The United States House of Representatives has passed a law that would delist Chinese companies off US stock exchanges if they do not comply with the auditing regulations. The Holding Foreign Companies Accountable Act, co-authored by Reps John Kennedy and Chris Van Hollen would also require the Chinese firms to reveal if they are owned or controlled by any foreign government. Even though the bill still requires the approval of US President Donald Trump, White House has reportedly said on December 2 that it would happen shortly.
Amid soaring tensions between the US and China, the latest move by Washington coincides with the broader restrictions on Beijing during the final months of the outgoing Trump administration. Apart from the bill scrutinising the Chinese firms, the US government on Wednesday even moved to ban cotton imports from a company that it says uses forced labour of the detained Uighur Muslims in Xinjiang.
The bill targetting Chinese companies is reportedly expected to have little effect over the short term because foreign firms are only banned if they fail to comply with audits for three years in a row. The newly passed bill by the US House was also welcomed by the American Securities Association but urged the American government to act in a more swift manner by delisting non-compliant companies by mid-2021. Even though its sponsors planned on targeting China, the legislation is applicable to all public-listed companies irrespective of any specific country.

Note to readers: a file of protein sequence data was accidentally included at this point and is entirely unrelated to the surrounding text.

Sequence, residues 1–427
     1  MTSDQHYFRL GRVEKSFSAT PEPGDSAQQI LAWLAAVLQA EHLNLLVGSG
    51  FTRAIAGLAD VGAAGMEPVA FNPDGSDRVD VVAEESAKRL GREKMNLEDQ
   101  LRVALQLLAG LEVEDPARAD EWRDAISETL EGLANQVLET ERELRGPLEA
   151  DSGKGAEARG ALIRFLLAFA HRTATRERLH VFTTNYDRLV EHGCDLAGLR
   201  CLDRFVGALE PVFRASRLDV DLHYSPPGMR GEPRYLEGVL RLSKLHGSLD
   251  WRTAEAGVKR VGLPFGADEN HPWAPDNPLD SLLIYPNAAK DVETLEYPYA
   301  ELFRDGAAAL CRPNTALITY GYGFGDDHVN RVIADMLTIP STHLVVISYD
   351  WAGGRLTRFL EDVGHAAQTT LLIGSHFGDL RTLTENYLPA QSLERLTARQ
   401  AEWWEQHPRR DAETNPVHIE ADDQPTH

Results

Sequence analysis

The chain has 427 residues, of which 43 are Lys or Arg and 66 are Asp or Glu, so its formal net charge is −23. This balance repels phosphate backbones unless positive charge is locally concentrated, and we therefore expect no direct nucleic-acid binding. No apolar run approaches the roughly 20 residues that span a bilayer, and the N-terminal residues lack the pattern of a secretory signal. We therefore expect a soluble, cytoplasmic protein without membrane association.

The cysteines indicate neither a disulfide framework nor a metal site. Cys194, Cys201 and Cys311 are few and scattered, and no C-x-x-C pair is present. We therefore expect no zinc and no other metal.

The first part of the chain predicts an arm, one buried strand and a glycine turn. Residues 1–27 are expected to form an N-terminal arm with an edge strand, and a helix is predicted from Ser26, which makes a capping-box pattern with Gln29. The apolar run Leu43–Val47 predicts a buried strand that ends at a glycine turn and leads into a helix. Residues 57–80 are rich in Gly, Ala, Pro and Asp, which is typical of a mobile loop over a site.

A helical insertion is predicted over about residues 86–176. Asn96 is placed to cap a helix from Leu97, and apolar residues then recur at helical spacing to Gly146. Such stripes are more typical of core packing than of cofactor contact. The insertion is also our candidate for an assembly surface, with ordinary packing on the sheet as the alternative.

One of the bill’s authors, Republican Senator John Kennedy said, “US policy is letting China flout rules that American companies play by, and it’s dangerous. Today, the House joined the Senate in rejecting a toxic status quo.” Meanwhile, the passing of the bill was hailed as “good news” by the other co-author, Maryland Senator. Kennedy had also said that China is ‘exploiting’ US workers. As of October 2020, Us exchanges has listed at least 217 Chinese companies including Alibaba and KFC China operator Yum China that have recently carried out secondary listings in Hong Kong.